Doctoral student Brian Hughes was interviewed by NPR All Things Considered on November 8, 2018 in the story “Gab Server Subpoenaed By Pennsylvania Attorney General.” Hughes, who studies the alt-right’s presence on the Internet, discussed so-called “censorship free” social media sites, the business and financial implications of controversies linked to these sites, and the dangers of these implications for democracy overall.
Specifically, Hughes discussed social media site Gab in the aftermath of the Pittsburgh synagogue shooting, in which businesses such as GoDaddy and others cut ties with the platform, leading to a dwindled vitality. “It really creates a ‘winner take all’ scenario, where there can really only be one Twitter, there can be only one Facebook…,” explains Hughes.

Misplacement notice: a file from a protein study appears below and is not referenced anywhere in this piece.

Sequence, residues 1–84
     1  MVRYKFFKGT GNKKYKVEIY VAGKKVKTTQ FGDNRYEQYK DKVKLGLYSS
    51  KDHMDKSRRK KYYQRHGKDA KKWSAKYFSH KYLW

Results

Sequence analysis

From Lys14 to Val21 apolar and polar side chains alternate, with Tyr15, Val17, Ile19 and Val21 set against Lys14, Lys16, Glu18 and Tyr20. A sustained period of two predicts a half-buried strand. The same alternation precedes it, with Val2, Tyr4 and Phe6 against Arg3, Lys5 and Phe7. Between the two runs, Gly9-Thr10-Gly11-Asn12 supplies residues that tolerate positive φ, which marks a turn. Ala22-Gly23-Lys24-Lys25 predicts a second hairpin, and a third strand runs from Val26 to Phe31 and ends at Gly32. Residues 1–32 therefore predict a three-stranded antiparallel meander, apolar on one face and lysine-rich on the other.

Hughes also discussed his opinion that the longevity of these sites, which provide a platform for hate groups, is short-lived. However, he elaborated, more dangerous implications within the next generation may be that hate groups move to the Dark Web, where they will be unsearchable by traditional search engines and browsers. As a result, these platforms “would not subject to the same kind of oversight from journalists and other people that we typically expect to keep an eye on these things for the health of our democracy,” says Hughes.